The state of Georgia does not legally recognize either same-sex marriage or same-sex divorce. As we have previously noted, LGBT couples are certainly not well protected under state laws when it comes to family law matters.
A recent media article laments the lack of consideration given to gay and lesbian parents in many areas of the United States, especially regarding child custody issues. As a writer in The Guardian notes, the determining factor in a custody outcome for many non-straight parents “is too often the very fact of their sexuality.”
It shouldn’t be that way, say researchers from Drexel University, who offer advice in a new report on how psychologists should advise courts and legislators concerning what is best for a child caught in a family law dispute between a straight and gay parent.
Far too often, those researchers say, courts and lawmakers engage in a “false assumption’ that a child being raised by a gay parent -- especially when a heterosexual parent also exists -- will be harmed by that arrangement.
There is scant evidence of that, the Drexel researchers say. In fact, they note, there is no hard scientific evidence at all to buttress such an assertion.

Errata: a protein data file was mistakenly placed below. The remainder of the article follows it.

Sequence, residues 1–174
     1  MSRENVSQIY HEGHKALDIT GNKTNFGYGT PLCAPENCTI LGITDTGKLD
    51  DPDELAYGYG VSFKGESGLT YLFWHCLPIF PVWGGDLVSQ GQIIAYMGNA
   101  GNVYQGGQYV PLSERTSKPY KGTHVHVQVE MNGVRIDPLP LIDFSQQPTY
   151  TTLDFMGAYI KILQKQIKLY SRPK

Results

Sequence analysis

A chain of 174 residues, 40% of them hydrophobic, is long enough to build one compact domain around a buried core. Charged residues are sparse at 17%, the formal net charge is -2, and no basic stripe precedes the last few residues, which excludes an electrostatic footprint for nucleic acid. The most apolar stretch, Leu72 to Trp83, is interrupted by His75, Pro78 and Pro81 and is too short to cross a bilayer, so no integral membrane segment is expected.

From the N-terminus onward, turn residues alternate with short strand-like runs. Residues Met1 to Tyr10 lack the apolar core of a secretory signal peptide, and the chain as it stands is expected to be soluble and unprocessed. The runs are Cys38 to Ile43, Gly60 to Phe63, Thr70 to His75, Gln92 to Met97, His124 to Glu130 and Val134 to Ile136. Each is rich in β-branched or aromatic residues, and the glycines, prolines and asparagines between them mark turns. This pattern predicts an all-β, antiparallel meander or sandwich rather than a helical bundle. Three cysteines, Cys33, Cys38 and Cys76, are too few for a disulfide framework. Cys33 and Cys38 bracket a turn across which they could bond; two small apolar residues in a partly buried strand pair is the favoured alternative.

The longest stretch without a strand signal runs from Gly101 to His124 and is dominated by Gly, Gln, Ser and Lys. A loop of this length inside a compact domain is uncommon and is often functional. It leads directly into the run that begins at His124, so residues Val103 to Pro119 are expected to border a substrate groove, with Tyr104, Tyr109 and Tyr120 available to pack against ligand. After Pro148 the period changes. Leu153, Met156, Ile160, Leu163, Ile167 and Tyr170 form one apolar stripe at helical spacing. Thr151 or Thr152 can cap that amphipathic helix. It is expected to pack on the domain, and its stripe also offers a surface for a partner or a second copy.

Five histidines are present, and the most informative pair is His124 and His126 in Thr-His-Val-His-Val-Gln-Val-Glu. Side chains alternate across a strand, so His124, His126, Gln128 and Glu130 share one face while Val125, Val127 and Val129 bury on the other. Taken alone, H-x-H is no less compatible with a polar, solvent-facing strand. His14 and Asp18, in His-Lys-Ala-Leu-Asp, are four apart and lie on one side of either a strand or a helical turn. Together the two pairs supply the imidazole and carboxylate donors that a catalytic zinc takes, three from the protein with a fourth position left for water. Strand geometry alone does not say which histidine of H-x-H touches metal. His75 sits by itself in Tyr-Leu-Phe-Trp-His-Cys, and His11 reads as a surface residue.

And yet courts are certainly noted in a number of instances to make custody rulings against gay parents based solely on their sexual orientation.
There needs to be a better job done of convincing more judges that science does not support any view of parental fitness based primarily on sexuality, say the Drexel researchers in their report.
And that effort needs to be augmented, they add, by efforts to convince legislators in many states to pull back on judges’ discretion when considering sexual orientation in custody matters.
Source: The Guardian, “For gay and lesbian parents, equality is a myth when it comes to custody cases,’ Steven W. Thrasher, April 21, 2014